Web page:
We know students aren’t returning to classrooms this semester, but for college students, especially freshmen, there are big questions about the summer and fall and a lot of money is riding on it. We are stretching your dollar with what experts say students should be doing.
Learning has changed in schools across the country as students log on and connect with teachers virtually. But for new college students who are spending big money for those class credits, there’s a lot of questions about what their fall semester will look like.
Many schools have delayed the May 1 deadline for college deposits to June 1. Don Kerr with AAA Northeast Student Lending told News 8 that’s the first thing you want to confirm so you don’t lose your seat.
Next, find out what the school’s reopening plan is and if that works for you.
You may temporarily choose to attend another school until things return to normal. Just be sure the school you hope to end up at will accept the credits you earn..
Then there’s financial aid. If your income situation has changed, it’s time to see what the school can do for you.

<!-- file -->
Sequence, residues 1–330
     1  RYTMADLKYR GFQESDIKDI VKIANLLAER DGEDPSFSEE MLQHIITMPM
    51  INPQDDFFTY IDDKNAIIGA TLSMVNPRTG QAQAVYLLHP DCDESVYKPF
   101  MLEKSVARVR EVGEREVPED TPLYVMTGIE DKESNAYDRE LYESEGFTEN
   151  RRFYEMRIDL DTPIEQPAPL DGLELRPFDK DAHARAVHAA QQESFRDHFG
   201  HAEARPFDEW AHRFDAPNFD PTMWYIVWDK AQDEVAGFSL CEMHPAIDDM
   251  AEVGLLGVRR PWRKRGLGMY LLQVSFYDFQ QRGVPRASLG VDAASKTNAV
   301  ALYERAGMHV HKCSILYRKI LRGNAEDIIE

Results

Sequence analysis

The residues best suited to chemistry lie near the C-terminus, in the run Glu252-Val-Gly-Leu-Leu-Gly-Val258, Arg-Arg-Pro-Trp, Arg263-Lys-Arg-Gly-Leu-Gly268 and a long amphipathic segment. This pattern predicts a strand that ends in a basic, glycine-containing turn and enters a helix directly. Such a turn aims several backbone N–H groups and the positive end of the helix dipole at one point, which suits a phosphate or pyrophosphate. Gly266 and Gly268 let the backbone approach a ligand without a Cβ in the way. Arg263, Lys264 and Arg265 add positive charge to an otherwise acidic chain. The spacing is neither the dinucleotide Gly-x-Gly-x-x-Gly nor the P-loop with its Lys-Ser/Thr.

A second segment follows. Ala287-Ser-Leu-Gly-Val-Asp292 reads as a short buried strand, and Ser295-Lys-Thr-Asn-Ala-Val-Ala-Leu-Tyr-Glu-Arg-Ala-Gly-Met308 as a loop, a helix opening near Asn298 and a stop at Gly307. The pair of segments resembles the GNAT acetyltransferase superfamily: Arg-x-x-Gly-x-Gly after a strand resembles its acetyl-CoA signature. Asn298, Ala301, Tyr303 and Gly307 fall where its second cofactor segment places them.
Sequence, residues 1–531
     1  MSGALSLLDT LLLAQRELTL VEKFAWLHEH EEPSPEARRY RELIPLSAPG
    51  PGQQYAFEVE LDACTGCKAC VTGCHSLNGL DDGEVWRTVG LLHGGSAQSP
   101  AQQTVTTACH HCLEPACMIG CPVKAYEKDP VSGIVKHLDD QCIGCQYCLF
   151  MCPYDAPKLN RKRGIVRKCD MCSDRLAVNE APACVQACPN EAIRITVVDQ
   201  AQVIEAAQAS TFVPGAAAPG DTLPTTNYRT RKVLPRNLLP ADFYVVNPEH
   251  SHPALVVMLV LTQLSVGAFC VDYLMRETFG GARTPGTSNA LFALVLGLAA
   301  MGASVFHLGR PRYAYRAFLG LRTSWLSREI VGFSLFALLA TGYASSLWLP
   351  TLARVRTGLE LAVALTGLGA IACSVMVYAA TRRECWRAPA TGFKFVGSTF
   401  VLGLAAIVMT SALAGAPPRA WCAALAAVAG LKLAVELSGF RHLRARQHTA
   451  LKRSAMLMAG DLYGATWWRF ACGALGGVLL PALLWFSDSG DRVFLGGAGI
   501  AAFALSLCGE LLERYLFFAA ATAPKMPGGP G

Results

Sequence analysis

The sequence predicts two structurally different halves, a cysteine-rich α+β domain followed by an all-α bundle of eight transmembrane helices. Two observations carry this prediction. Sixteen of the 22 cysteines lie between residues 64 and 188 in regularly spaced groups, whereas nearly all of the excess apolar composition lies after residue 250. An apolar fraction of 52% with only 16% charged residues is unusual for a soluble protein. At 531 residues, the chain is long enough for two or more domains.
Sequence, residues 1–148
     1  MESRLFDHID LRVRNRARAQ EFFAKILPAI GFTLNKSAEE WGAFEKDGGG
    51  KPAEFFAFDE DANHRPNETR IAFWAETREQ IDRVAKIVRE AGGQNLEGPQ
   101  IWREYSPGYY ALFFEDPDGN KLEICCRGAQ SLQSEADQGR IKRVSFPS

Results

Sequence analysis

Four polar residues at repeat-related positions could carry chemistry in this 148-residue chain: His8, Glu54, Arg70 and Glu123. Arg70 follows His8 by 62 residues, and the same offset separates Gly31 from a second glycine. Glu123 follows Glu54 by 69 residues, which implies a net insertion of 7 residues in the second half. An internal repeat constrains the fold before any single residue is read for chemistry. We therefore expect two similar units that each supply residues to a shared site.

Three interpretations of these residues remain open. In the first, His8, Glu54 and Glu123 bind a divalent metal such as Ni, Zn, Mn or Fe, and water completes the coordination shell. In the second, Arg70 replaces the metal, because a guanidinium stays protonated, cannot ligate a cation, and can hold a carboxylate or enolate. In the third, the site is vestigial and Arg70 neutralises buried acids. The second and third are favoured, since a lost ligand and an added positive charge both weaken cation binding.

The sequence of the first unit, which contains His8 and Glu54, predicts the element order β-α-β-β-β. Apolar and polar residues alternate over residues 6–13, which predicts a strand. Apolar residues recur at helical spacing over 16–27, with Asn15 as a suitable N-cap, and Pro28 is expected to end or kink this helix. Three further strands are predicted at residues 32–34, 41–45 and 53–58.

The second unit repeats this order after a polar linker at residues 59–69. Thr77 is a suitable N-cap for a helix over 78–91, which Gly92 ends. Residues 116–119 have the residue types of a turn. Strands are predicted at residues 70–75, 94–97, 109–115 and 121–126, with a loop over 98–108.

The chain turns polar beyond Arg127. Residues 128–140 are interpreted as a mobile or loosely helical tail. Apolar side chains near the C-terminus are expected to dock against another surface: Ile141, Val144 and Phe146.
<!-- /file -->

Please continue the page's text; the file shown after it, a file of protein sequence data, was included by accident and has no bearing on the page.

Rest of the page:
“You can reach out to your financial aid officer. And do what’s called a financial aid appeal. Let them know, ‘Hey, our financial circumstances has changed. We have a 50% reduction in income. Is there anything more you can do to help us from that perspective?'”
Under the CARES Act, colleges have been given more money to help students facing financial challenges. If that’s you, it’s time to speak up.
That applies to current students too, not just freshmen.
And remember the federal government is also postponing payments and setting the interest rates on loans to zero in some cases.
Take this as a chance to get ahead on payments or even think about refinancing them as these are historically low rates.